Poppy is more developed in that we get to see into her life before she turns. We know more about her by design. Actually, now that I think of it, I’m not sure if I can consider Poppy fully developed because we don’t actually get to see much of her backstory – just that she and James have been besties since they were five and now she has cancer.
The side characters almost didn’t even have a need to be in the story. For instance, Phillip (Poppy’s twin brother) was basically only there to help either stop Poppy’s transformation or help move it forward. The part in the story where he threatens to kick James’ ass is laughable. I honestly didn’t see a point for this, or any, side characters.
Even Ash as a side character was only there to cause chaos. Which brings me to my next point.
Poppy gets a terminal cancer diagnosis and the only way to save her is to turn her. Ok, I’m on board, but that’s a little boring.
Ok, how about we turn her, but it’s illegal. Even better.
But wait? Who’s going to KNOW it’s illegal?
Better add in a character to stir the pot.
This is basically the plot of the novel. It doesn’t reach a boiling point until page 193. How? In this sense, this book was a shorter, less interesting Twilight. I mean, wow.
The plot of this book had me rolling my eyes so hard I thought they’d get stuck.
Would I read more of this series? Probably.
Does this fall into a specific category of book? Yep. Love to Hate. Cringe. Eye Roll worthy. To name a few.
Overall, I can totally see this being a book that a younger version of myself would love. It was easy to get through, cringey, and laugh out loud worthy as an adult. Smith’s writing took only a few chapters for me to get used to and ultimately, I found it enjoyable.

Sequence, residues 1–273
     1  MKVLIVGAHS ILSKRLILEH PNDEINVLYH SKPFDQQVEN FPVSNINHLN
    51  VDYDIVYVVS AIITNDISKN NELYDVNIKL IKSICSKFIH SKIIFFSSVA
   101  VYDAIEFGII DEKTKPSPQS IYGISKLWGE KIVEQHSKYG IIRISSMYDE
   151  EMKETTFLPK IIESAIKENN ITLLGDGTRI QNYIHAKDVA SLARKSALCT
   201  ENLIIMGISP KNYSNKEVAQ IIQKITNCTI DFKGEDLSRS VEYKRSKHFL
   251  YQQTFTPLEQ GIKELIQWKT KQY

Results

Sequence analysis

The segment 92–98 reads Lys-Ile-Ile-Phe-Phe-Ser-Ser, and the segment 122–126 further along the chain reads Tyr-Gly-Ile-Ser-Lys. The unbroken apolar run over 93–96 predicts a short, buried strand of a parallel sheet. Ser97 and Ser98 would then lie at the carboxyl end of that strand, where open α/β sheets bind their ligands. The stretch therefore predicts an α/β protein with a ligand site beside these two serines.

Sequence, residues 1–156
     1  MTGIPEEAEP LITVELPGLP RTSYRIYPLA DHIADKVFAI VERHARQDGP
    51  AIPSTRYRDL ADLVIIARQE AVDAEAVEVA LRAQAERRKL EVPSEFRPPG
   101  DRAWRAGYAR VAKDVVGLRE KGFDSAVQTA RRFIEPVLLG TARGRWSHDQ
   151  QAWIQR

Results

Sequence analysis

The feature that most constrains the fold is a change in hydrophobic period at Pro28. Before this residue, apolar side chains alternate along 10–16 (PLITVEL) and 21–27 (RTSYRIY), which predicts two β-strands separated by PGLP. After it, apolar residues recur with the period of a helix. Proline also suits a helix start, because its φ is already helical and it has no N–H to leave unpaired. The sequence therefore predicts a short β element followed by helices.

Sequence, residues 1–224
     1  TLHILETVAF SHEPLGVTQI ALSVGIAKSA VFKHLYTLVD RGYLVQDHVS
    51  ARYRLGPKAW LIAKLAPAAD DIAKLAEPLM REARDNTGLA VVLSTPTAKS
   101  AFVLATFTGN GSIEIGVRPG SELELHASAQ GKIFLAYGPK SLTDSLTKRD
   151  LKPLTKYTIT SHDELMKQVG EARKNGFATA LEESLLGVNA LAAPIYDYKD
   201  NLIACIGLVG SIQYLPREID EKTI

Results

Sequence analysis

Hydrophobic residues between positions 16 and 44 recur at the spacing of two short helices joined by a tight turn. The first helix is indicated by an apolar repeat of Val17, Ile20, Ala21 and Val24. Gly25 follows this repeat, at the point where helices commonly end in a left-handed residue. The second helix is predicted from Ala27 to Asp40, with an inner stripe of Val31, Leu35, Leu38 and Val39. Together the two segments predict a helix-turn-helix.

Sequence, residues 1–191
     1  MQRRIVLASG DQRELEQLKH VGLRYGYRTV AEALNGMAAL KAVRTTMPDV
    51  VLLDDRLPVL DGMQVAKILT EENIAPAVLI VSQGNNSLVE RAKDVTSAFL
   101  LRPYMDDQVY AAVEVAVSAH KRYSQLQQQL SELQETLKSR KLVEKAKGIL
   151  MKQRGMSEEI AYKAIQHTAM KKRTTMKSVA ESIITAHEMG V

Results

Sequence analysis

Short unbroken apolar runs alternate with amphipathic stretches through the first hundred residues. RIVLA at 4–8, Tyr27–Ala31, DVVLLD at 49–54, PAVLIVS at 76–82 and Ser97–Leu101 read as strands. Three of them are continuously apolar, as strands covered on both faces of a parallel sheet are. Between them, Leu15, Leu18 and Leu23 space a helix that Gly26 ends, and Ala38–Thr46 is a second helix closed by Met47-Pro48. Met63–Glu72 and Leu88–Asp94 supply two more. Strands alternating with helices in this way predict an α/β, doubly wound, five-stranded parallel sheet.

While I would describe this as eye roll worthy and cringey, I don’t think these are bad traits in books. In fact, these factors almost make the books more enjoyable for me as an adult YA reader. It’s literally why I bought the entire Twilight series as an adult. Books like this are fun to read and talk about. Besides, I want to be a YA librarian, so there’s that…
I didn’t hate this, but I also didn’t love it. The plot really was a bit too boring for me to give this a higher rating. I did like Poppy and James though so I guess that’s the saving grace of this book. I’d say someone who’s around 13 would probably really love this book, but it definitely wasn’t for almost 30 year old me.
Let’s talk about paranormal romance in the comments! Love it? Hate it? You tell me. Don’t forget to let me know why!
I created my first ever randomly generated TBR and I read my first piece of crime fiction.